Nei’la is the fifth and last service of Yom Kippur (Day of Atonement). In contrast to all Sabbaths and Holy Days, which have four services, Yom Kippur is the only Holy Day that has five. As the last prayer of the day, Ne’ilah starts approximately one hour before sunset, and hence its Hebrew name, Ne’ilah (lit. “closing”), meaning the concluding of the day and of the divine judgment.
Originally, Ne’ilah was called "Ne'ilat She'arim," a term that has a double meaning. Literally, it refers to the closing of the gates of the Temple in Jerusalem in ancient times, since Ne’ilah was said at the time when the Temple gates were being closed. There is also a spiritual meaning as it recalls the closing of the Gates of Heaven, offering a final chance for prayers to be heard by the Supreme Judge. Because Ne’ilah signifies the sealing of the divine judgment, the word "to inscribe" which appears in all the prayers of Rosh Hashana and Yom-Kippur, is amended to the word "to seal.
In the Ashkenazi liturgy, Ne’ilah receives a unique musical treatment, especially in the melody for the Kaddish that precedes the repetition of the ‘Amidah (Hazarat ha-shatz). This practice follows the emphasis made by Ashkenazi communities to differentiate Nei'la by musical means from the rest of the High Holy Days' prayers.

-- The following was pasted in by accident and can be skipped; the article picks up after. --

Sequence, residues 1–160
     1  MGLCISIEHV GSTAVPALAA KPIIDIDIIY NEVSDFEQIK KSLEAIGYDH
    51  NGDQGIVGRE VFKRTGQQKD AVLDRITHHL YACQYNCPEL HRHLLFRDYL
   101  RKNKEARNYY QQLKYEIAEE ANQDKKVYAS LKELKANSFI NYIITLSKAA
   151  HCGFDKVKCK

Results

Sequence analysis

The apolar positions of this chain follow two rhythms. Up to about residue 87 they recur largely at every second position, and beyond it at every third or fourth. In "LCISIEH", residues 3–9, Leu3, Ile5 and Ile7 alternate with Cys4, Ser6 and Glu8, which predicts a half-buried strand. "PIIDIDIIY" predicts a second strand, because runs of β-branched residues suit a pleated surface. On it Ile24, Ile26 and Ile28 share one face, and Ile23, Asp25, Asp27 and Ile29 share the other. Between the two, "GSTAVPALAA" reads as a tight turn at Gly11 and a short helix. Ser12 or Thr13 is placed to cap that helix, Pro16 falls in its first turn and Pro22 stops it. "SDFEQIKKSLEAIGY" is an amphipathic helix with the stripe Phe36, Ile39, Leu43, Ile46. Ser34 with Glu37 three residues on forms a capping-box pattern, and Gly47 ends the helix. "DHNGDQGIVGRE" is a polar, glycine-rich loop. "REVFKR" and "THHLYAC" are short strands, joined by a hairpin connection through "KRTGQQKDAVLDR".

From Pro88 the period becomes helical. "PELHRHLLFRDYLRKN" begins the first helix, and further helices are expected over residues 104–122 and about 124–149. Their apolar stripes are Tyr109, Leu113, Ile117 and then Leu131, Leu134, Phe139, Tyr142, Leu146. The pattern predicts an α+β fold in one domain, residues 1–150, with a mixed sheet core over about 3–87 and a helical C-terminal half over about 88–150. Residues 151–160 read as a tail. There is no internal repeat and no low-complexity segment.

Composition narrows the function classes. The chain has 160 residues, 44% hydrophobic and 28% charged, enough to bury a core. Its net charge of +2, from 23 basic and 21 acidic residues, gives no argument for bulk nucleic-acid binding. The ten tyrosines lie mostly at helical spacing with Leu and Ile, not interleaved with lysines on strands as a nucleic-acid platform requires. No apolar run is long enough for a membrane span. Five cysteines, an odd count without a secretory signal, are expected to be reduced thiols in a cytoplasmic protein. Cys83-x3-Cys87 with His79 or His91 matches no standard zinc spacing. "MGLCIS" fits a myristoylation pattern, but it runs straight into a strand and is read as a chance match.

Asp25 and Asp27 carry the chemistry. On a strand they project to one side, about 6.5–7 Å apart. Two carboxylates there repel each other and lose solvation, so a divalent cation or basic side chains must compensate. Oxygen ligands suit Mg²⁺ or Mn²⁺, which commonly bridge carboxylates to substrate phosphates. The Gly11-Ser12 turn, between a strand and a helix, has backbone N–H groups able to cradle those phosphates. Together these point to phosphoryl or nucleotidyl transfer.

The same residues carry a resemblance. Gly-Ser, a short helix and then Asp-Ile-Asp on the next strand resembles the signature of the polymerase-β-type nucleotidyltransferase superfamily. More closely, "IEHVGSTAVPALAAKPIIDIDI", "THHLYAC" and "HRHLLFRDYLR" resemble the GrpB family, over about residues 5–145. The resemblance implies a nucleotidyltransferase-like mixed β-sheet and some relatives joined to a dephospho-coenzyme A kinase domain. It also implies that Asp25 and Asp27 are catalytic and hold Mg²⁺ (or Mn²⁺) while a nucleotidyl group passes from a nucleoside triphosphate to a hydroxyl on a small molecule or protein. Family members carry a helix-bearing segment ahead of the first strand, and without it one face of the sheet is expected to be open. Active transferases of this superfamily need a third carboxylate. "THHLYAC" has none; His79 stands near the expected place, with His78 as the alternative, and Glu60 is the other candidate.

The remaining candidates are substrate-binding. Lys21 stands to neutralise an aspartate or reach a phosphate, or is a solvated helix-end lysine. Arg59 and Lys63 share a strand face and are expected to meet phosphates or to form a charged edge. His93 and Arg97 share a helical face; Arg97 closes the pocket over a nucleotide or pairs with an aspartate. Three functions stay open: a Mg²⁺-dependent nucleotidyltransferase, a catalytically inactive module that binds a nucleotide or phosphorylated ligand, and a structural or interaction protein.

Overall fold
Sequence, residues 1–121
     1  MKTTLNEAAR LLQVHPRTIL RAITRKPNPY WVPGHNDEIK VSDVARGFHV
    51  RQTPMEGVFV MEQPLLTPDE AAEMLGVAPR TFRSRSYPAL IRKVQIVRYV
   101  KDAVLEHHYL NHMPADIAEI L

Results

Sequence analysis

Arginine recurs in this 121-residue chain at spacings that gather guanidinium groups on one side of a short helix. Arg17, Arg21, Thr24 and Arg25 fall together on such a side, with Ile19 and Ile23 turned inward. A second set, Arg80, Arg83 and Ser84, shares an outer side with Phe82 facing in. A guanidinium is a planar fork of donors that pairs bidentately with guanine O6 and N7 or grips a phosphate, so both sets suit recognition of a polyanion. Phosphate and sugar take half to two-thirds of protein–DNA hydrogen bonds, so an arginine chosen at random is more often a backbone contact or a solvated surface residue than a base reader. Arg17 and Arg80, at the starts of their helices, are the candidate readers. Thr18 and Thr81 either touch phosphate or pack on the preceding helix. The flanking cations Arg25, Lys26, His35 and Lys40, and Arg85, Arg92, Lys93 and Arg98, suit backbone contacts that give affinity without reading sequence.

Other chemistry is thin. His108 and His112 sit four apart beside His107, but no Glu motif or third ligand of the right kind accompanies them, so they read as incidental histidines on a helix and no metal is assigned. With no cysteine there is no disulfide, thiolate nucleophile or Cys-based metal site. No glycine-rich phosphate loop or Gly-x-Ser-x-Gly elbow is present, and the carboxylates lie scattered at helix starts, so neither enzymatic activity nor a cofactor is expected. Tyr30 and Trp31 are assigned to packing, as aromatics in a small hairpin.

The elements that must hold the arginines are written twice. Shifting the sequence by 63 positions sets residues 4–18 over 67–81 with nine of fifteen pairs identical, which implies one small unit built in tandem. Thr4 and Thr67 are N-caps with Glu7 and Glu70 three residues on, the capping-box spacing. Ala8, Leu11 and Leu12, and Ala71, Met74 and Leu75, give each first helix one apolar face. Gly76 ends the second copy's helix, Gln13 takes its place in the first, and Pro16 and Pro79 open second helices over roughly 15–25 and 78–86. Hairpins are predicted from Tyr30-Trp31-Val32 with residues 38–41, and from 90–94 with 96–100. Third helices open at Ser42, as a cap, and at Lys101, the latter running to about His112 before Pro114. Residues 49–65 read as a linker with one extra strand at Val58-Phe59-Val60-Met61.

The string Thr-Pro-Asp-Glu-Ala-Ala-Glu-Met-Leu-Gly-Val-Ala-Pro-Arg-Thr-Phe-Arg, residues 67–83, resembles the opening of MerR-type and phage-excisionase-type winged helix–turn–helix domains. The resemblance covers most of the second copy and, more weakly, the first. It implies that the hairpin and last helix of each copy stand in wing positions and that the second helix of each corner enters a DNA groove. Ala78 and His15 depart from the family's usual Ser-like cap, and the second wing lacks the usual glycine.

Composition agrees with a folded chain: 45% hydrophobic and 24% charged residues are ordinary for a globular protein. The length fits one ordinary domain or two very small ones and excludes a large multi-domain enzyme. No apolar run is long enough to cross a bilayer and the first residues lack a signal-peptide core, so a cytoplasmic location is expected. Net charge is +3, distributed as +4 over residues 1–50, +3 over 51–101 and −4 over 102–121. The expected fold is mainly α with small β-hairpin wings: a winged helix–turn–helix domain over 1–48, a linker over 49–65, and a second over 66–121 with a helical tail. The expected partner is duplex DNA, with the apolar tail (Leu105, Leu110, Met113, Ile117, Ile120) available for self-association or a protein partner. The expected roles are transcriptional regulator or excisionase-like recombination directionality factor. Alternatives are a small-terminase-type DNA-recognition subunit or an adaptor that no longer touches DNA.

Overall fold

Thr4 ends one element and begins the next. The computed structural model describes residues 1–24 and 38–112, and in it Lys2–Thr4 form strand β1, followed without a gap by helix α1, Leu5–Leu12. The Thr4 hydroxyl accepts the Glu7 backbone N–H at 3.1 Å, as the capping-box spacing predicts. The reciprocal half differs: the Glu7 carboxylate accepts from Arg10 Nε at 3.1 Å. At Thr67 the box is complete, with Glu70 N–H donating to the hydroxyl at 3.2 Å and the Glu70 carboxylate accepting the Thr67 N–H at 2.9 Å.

Musically speaking, the main section of Ne’ilah is the Hazarat ha-shatz, which consists of a sequence of Selihot, including several piyyutim and the recitation of the 'Thirteen measures of mercy’ (Shlosh-esre midot) between them. The piyyutim Ata Noten Yad Leposh'im and Ata Hevdalta Enosh Merosh have particular significance. After the Hazarat ha-shatz, there are three declarations of faith, said by the cantor and repeated by the congregation: "Shma yisrael" (said once), "Baruch shem malchuto le'olam va'ed" (said three times), and "Adonai hu ha'elohim" (said seven times). After these declarations, a Kadish Shalem is recited, in the middle of which a single blow is made by the Shofar. The prayer ends with the congregation expressing joy and hope by declaring "Leshana habaa biyerushalayim habenuya" (next year in Jerusalem).